Skill-mixing is an important part of workforce planning within the NHS and is crucial if cost-effective and appropriate care is to be delivered to all patients. In most trusts the nursing workforce - registered nurses and midwives, and health care assistants (HCAs) - represents the largest single staff group and their salaries constitute the largest item in the annual budget.
VOL: 100, ISSUE: 06, PAGE NO: 34
Alison C. Browne, MSc, RGN, RN, is assistant director of nursing
Mandy Odell, MSc, PGDip, RGN, is nurse consultant in critical care; both at Royal Berkshire and Battle Hospitals NHS Trust, Reading
- This article has been double-blind peer-reviewed.
- Download a print-friendly PDF file of this article here
Skill-mixing is an important part of workforce planning within the NHS and is crucial if cost-effective and appropriate care is to be delivered to all patients. In most trusts the nursing workforce - registered nurses and midwives, and health care assistants (HCAs) - represents the largest single staff group and their salaries constitute the largest item in the annual budget. A poorly planned nursing skill-mix, therefore, can have a huge impact on trust finances and quickly lead to significant overspending.
However, while it is vital to keep a close eye on nursing skill-mix, it cannot be assessed in isolation from a trust’s total skill-mix, as this is indicative of the actual workload assigned to the nursing workforce. There has been significant variation in skill-mix among the different trusts across the Thames Valley Strategic Health Authority and other teaching trusts in the South East. The Royal Berkshire and Battle Hospitals NHS Trust (RBBH) provides acute district hospital services to a population of 500,000 in one of the most affluent areas of the UK and provides specialist cancer, ophthalmic and renal services to the whole of Berkshire. In an independent analysis of hospital care conducted by the Dr Foster Unit at the Imperial College of Science, Technology and Medicine, the trust was described as having a very ‘rich’ skill-mix in terms of the ratio of qualified to unqualified nursing staff.
A detailed exercise was therefore conducted across the trust to determine the optimum skill-mix within each ward and department. The exercise took account of workload and acuity within each clinical area, and the input of specialist nursing practice required. The information gathered was compared with the budgeted establishment to determine whether adjustments would be required and whether any nursing posts could be converted into HCA posts. The total nursing workforce was also scrutinised at the same time to determine the overall and local ratio of nurses to beds within the trust. The results of this skill-mixing exercise were presented to the executive committee as part of the trust recovery plan requested by the trust board after it was realised that the trust had incurred a 10m financial deficit. Lead sisters and clinical service unit managers within each specialist area have been given the responsibility of acting on its findings.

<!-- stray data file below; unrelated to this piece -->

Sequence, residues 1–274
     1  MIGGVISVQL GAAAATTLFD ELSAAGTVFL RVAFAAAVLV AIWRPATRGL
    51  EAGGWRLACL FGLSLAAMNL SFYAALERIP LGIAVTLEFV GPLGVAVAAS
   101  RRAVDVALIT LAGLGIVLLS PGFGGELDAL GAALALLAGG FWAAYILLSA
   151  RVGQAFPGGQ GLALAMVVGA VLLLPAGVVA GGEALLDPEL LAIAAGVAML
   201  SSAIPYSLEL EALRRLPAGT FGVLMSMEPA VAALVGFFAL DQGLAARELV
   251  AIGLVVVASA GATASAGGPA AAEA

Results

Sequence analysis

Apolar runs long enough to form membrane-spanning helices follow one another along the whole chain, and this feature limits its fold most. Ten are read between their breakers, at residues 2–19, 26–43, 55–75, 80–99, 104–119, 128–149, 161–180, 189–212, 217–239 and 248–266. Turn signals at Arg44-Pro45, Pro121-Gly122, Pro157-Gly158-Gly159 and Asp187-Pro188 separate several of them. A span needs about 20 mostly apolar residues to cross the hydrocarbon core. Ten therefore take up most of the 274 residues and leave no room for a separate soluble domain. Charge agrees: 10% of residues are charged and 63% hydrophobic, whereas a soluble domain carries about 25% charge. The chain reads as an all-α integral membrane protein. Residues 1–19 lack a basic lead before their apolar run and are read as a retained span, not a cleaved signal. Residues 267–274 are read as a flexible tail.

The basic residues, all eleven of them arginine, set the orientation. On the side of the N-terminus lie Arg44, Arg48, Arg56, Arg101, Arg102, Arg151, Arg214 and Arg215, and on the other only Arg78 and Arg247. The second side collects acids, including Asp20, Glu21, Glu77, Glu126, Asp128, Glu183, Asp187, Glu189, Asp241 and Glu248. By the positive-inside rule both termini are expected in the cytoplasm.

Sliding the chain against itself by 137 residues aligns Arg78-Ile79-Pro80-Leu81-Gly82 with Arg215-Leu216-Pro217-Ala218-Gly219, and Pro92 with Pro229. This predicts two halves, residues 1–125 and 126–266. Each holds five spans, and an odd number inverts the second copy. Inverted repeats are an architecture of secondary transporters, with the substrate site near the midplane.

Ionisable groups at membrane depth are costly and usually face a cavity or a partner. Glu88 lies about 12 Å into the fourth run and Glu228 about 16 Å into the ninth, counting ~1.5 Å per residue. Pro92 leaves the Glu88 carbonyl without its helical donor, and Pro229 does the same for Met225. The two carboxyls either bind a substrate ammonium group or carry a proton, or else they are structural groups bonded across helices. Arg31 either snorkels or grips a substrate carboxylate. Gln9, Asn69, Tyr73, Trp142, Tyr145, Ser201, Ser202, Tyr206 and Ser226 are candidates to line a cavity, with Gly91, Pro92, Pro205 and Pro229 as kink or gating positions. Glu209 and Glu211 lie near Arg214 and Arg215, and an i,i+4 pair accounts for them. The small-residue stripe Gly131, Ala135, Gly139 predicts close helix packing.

Three skill-mix reviews of nursing staff have been undertaken at the RBBH over the past 10 years, at approximately three-year intervals. These reviews have been conducted by both in-house personnel and outside agencies, and have used various methodologies for collecting data on patient dependency and acuity across the trust. This data has been used to forecast the ratio of registered nurses to HCAs required within individual clinical areas. The review reported here was undertaken at the request of the trust’s key stakeholders - the strategic health authority, primary care trusts and the trust board - to provide up-to-date information on the current nursing workforce. It was also considered important to determine the impact on the nursing workforce of recent NHS developments, including:
- Initiatives introduced in accordance with The NHS Plan to develop new nursing roles that improve patient access and responsiveness, especially nurse-led services and diagnostic and referral procedures;
- Procedures previously performed by doctors being delegated to nursing staff due to the reduction of junior doctors’ working hours, in accordance with the European Working Time Directive;
- Recent attempts to make nursing students’ clinical learning experiences more meaningful by ensuring that 50 per cent of their preregistration training takes place in the practice environment;
- The introduction of new pathways into nursing that enable HCAs to enter preregistration nurse education via NVQ schemes, which also enable the HCAs to increase their clinical skills.
The skill-mix exercise
The main aims of the skill-mix exercise were:
- To review how the skills and competencies of nursing staff were currently deployed;
- To identify any potential for utilising the skills within nursing teams in inpatient areas more effectively;
- To conduct a workload analysis;